Donations, inheritances, wills and living wills, cohabitation contracts, marriage agreements, disabilities and laws relating to future generations. As a trusted consultant and public official, the notary can help us deal with these delicate situations safely and in full legality.
A will is a revocable document by which any person of sound mind may make disposition of his assets at a time when he will have ceased to live. There are several types of wills: holograph, public (notarial act in the presence of two witnesses) and secret. A word of warning: if the will is detrimental to the rights of a forced heir, the latter can take legal action to challenge it in whole or in part. It is essential, therefore, in these cases, to contact your notary in order to achieve the desired result within the law and to avoid future disputes among the heirs.
The will is a revocable document by which any person of sound mind may make disposition of his assets at a time when he will have ceased to live.
In our legal system, there are two common forms of wills:
The holographic will is a private document which has some formal requirements:
Although it is very simple and commonly used, this testamentary form has some disadvantages:
To avoid these issues, it is possible to have the will drawn up by a notary: i.e. a public will that is formalised by the notary in the presence of two witnesses and has significant advantages:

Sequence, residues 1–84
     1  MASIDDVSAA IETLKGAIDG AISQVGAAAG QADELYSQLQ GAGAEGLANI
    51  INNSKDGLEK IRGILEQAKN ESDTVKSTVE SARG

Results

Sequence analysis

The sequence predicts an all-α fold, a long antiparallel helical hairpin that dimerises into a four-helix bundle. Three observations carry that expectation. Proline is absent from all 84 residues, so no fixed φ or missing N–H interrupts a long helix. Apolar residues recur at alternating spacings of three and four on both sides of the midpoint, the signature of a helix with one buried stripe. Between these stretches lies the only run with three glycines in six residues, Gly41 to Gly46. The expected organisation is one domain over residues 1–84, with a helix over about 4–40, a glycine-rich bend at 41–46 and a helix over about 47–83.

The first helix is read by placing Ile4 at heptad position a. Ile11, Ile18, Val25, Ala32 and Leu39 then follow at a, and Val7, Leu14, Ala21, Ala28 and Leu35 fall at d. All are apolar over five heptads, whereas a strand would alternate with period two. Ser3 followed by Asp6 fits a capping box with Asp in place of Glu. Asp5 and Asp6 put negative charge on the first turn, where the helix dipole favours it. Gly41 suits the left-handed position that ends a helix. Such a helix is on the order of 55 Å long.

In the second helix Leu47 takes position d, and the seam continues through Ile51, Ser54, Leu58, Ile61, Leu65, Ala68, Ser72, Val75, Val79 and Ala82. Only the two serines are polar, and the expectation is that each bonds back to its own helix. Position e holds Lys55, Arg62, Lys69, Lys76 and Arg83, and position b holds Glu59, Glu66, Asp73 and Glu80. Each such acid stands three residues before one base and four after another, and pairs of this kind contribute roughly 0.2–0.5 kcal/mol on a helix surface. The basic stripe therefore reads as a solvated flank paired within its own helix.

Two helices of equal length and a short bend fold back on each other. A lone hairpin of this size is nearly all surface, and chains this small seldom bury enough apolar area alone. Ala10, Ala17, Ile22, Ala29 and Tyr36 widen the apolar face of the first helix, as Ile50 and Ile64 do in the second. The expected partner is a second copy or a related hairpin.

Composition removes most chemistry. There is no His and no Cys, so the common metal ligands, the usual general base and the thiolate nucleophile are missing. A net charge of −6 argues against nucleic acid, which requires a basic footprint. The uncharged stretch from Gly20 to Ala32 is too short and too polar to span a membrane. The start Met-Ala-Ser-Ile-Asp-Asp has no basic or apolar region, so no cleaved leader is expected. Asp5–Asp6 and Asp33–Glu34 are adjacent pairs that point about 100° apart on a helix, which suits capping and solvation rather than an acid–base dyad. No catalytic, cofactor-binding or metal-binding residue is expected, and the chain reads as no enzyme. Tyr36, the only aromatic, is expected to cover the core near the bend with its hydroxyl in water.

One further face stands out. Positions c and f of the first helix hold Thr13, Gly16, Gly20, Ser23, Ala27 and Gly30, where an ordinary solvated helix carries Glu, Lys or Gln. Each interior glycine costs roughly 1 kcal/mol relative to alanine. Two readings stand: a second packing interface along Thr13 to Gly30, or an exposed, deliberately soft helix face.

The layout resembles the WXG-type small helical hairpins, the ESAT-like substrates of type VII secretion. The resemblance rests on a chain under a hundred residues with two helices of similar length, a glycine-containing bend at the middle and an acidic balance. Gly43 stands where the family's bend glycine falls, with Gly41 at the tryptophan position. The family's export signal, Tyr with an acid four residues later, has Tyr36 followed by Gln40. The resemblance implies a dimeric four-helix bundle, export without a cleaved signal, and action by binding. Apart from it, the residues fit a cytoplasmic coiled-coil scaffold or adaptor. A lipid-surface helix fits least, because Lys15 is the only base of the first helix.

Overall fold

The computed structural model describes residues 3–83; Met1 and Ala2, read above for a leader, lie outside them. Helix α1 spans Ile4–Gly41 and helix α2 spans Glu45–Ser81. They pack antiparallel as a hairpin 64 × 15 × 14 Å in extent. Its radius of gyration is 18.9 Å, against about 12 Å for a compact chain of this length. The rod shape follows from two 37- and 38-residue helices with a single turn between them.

In addition to the public will, there is also the secret will (not common in practice), which is a will written by the testator or by a third party and delivered personally to the notary (who therefore does not know its contents); the notary merely draws up a simple statement of receipt.
The law protects certain categories of family members (“forced heirs “), allowing them a share of the inheritance (the “legittima” or legitimate portion) even contrary to any expressed wishes of the deceased in his will. These persons are the descendants (children and grandchildren), ascendants (parents, grandparents, and so on) and the spouse.
Depending on whether or not such persons exist at the time of death, the law provides, sometimes by way of very complicated calculations, what the share is of the inheritance reserved for them, considering also the debts of the deceased and any donations made by him during his lifetime, and what, therefore, is the share of the (available) inheritance of which the testator may freely dispose according to his own wishes.
There is therefore a limit to the freedom to make a will: if the will affects the rights of a forced heir, that heir may take legal action to contest the terms of the will.
To facilitate understanding of the different rules governing succession in Europe, the Council of Notaries of Europe (CNUE), with the support of the European Commission has created the site www.successions-europe.eu in the 23 official languages of the 28 countries that are members of the European Union. The site provides the information needed to follow and understand any question relating to a succession in any European country.
The Role of the Notary
It is essential, therefore, in these cases, to engage a notary so as to prevent future painful family disputes and, above all, problems of saleability of assets under the will. Thanks to his special competence in matters of succession, the notary may suggest, in the case of a public will, how best to achieve the result intended by the testator, in compliance with applicable laws, avoiding any clauses or provisions which would be invalid because they are inconsistent with the provisions of the law.